Wood bison


Wood bison are North America’s largest land mammal. They are easily recognized with their large head, shoulder hump and shaggy coat on their shoulders and front legs.Their fur ranges from brown on most of the body to black on the head. 

Both sexes have short black horns. Female horns curve to point to the rear while male horns curve slightly inward. Males are larger than females and can reach weights of over 900 kg, stand 1.8 m in height at the hump and reach 3.8 m in length.


Wood bison are found in three populations in the Northwest Territories (NWT): the MackenzieNahanni, and the Slave River Lowlands.  

Bison numbers are estimated from aerial population surveys conducted in late winter. Bison can be classified into different sex and age categories by their size and horn shape. These ground-based surveys are carried out in July.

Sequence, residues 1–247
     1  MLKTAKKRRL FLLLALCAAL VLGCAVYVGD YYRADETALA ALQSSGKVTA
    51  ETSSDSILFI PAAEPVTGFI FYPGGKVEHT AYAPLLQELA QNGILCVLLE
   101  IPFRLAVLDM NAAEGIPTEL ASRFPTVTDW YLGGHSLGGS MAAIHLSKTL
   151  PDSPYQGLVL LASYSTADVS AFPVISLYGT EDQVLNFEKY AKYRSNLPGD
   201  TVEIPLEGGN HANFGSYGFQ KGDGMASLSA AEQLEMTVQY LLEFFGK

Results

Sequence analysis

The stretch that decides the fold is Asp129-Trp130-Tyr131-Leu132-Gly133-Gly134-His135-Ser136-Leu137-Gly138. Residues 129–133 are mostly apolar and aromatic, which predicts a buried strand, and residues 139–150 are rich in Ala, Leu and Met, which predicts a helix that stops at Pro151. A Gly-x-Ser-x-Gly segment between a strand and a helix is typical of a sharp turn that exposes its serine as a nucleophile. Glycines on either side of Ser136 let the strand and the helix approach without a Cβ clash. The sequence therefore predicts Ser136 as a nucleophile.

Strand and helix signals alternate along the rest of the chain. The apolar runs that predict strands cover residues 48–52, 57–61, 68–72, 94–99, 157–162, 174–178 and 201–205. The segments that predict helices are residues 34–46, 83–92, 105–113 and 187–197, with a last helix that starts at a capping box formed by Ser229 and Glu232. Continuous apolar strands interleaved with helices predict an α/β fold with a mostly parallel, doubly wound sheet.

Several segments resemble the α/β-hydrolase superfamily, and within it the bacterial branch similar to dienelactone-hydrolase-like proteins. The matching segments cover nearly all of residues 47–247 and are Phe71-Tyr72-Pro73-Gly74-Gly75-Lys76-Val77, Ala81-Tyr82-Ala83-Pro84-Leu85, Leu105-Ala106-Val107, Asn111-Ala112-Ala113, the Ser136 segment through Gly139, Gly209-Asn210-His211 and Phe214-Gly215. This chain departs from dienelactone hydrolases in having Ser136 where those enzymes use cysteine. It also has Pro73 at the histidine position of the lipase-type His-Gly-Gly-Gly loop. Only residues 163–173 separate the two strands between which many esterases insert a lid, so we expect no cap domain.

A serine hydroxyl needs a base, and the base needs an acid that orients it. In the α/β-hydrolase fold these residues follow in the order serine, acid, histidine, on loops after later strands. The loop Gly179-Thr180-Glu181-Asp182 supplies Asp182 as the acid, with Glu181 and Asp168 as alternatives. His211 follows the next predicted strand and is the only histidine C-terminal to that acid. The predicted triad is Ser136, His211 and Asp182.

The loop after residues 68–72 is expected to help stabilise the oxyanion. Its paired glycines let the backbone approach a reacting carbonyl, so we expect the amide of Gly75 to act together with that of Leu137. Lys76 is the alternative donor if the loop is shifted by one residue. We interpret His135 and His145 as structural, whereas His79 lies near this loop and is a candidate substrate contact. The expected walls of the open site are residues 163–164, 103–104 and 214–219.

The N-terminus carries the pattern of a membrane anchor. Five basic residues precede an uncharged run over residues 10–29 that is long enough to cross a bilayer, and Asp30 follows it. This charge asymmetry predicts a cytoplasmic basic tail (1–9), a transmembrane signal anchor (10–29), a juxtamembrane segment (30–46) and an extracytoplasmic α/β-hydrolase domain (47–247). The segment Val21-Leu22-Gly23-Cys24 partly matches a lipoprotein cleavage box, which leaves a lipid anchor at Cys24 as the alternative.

Bovine tuberculosis and brucellosis are endemic in the Slave River Lowlands and Wood Buffalo National Park populations but the Mackenzie and Nahanni populations are free of those two diseases. The Bison Control Area is a program to reduce the risk of disease transmission to the Mackenzie and Nahanni populations.

Management strategy

The Wood Bison Management Strategy for the Northwest Territories guides the development of management plans for each of the wood bison populations in the NWT. The management plans, developed in partnership with the Tlicho Government, Wildlife Management Boards and community stakeholders will contain objectives and actions to sustain and recover healthy wood bison in the NWT.


Wood bison are listed as a threatened species in the NWT and in Canada.